Environmental Groups Ask Court to Block Harmful Seismic Blasting in the Atlantic

A first step toward offshore drilling, the blasts will put ocean life—from tiny zooplankton to the North Atlantic right whale—at risk.
Credit: iStock

A first step toward offshore drilling, the blasts will put ocean life—from tiny zooplankton to the North Atlantic right whale—at risk.

Conservation groups, including NRDC, asked a federal court today to block any seismic airgun blasting in the Atlantic Ocean until their case against it can be fully heard in court. A means of deep sea oil exploration, “seismic blasting will cause harm to ocean life the moment it begins,” says Michael Jasny, ­director of NRDC’s Marine Mammal Protection Project. “We’re asking the court to prevent any seismic activity from going forward while it considers our claims that the Trump administration is violating multiple federal environmental laws.”

The case has been combined with another lawsuit brought by a group of more than a dozen South Carolina coastal communities and 10 East Coast attorneys general have intervened in the merged case. The lawsuit argues that the National Marine Fisheries Service violated three bedrock environmental laws—the Marine Mammal Protection Act, the Endangered Species Act, and the National Environmental Policy Act—when it issued seismic permits to five oil companies last November.

The blasts are as loud as dynamite and fired as often as every 10 seconds for weeks, sometimes months. Blanketing the ocean, the noise disrupts the vital behaviors of marine life, including finding food, selecting mates, avoiding predators, and navigating. It’s also known to injure and kill invertebrates, displace fish, and put commercial fisheries at risk.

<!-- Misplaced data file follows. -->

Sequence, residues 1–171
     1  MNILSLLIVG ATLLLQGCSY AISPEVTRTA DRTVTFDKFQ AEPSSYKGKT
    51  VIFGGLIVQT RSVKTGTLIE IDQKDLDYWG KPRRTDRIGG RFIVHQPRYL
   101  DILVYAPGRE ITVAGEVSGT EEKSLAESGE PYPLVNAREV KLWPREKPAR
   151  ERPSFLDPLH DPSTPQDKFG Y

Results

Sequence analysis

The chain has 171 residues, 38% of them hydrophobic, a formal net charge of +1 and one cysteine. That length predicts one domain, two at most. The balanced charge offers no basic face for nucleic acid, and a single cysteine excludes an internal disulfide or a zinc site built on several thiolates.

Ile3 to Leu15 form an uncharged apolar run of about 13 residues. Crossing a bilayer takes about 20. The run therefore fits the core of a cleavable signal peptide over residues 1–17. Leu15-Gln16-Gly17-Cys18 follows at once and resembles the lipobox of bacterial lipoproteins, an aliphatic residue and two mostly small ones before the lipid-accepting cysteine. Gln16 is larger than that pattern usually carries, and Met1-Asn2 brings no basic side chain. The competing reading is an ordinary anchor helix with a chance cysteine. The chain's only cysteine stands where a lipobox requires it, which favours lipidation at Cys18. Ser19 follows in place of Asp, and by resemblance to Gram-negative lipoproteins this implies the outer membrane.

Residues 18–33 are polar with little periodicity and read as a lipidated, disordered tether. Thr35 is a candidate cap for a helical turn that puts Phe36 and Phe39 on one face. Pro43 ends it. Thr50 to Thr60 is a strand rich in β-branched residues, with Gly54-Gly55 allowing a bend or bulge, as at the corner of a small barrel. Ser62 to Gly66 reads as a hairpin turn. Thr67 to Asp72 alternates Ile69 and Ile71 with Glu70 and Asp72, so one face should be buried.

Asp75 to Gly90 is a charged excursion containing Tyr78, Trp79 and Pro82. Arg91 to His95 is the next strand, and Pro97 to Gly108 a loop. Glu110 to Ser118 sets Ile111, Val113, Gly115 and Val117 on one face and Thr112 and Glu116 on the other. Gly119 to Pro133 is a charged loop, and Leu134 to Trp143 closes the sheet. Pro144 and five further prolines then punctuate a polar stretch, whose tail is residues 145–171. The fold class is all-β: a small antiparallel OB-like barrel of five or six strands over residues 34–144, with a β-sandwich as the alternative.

The federal government falsely concluded that only a “small number” of whales and dolphins would be impacted—but the National Marine Fisheries Service has authorized companies to harm hundreds of thousands of whales and dolphins. The blasts would also put the critically endangered North Atlantic right whale—of which there are only about 400 right whales remaining—at even great risk for extinction. “Bombarding endangered whales with deafening blasts to search for dirty oil is indefensible,” says Kristen Monsell, a legal director with the Center for Biological Diversity, one of the organizations involved bringing the case.

The Obama administration had previously denied permits for airgun blasting in the Atlantic, agreeing that it posed “significant, long-lasting, and widespread impacts.” But President Trump reversed course and issued an executive order in April 2017 that allowed offshore drilling in public coastal waters.

“We can’t let this dangerous activity cause a species to go extinct just so the oil industry can open our oceans to offshore drilling,” says Diane Hoskins, campaign director at Oceana, another organization involved in the case. Every East Coast governor and over 90 percent of coastal municipalities in the blast zone are opposed to opening our coast to drilling—this is states versus President Trump”


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